360 U.S. 45 (1959), argued 18–19 May 1959, decided 8 June 1959 by vote of 9 to 0; Douglas for the Court. Lassiter is an important case in the history of the federal protection of voting rights. The Court rejected a black citizen's challenge to a state literacy test, finding that states have broad powers to determine the conditions of suffrage. The literacy test applied to voters of all races, and the Court would not draw the inference that it was being used to facilitate racial discrimination.
Lassiter had to be addressed in assessing the constitutionality of the Voting Rights Act of 1965. The act temporarily suspended literacy and other tests imposed as prerequisites to voting. In South Carolina v. Katzenbach (1966), the Court distinguished Lassiter on the ground that in most states covered by the 1965 act prerequisites to voting were instituted and administered in a discriminatory fashion for many years. In Katzenbach v. Morgan (1966), New York tested the 1965 act's effective prohibition of application of an English literacy requirement to persons who completed the sixth grade in a non-English-speaking American school. The act thus gave voting privileges to many former residents of Puerto Rico who had migrated to New York.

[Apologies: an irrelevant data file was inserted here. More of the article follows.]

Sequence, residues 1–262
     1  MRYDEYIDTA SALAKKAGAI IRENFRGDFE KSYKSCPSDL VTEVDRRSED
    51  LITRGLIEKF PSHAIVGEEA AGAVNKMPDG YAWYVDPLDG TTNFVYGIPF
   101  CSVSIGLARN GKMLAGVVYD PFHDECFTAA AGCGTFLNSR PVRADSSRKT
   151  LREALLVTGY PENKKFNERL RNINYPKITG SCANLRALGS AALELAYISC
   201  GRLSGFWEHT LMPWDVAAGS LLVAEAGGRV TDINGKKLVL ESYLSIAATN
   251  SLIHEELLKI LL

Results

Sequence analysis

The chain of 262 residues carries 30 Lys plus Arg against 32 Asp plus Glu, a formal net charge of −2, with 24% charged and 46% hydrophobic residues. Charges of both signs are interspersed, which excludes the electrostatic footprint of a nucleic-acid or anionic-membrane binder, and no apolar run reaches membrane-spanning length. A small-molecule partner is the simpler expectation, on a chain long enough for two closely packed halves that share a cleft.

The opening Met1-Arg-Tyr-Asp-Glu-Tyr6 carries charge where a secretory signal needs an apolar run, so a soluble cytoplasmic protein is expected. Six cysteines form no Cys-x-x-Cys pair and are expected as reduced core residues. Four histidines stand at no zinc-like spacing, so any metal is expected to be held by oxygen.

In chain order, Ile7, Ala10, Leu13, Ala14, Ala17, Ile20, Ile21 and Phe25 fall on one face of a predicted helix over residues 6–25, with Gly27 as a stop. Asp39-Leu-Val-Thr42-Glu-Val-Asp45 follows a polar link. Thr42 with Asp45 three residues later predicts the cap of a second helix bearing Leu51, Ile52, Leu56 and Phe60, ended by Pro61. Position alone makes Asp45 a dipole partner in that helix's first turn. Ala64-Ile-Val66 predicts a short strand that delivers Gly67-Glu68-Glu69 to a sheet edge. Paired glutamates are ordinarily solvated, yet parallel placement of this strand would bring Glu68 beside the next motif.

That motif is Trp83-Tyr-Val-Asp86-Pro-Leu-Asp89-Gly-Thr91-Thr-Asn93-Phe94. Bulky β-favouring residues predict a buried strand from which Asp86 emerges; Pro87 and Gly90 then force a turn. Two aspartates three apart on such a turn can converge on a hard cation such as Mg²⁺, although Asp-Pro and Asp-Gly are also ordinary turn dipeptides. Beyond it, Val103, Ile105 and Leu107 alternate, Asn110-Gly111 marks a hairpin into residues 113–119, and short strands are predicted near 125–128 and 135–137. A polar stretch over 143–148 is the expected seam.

If the Court had adhered to its approach in Lassiter it would have struck down the literacy requirement only if a court would conclude that the requirement discriminated against non-English-speakers. But the Court refused to ask the Lassiter-like question whether the judiciary would find the English literacy requirement unconstitutional. Section 5 of the Fourteenth Amendment required only that legislation be appropriate to enforce the Equal Protection Clause of the Fourteenth Amendment. It was Congress's decision to make. The challenged provision sought to secure for the New York Puerto Rican community nondiscriminatory treatment and was thus appropriate to enforce the Equal Protection Clause. Subsequent amendments to the Voting Rights Act prohibited all literacy tests as a prerequisite for voting.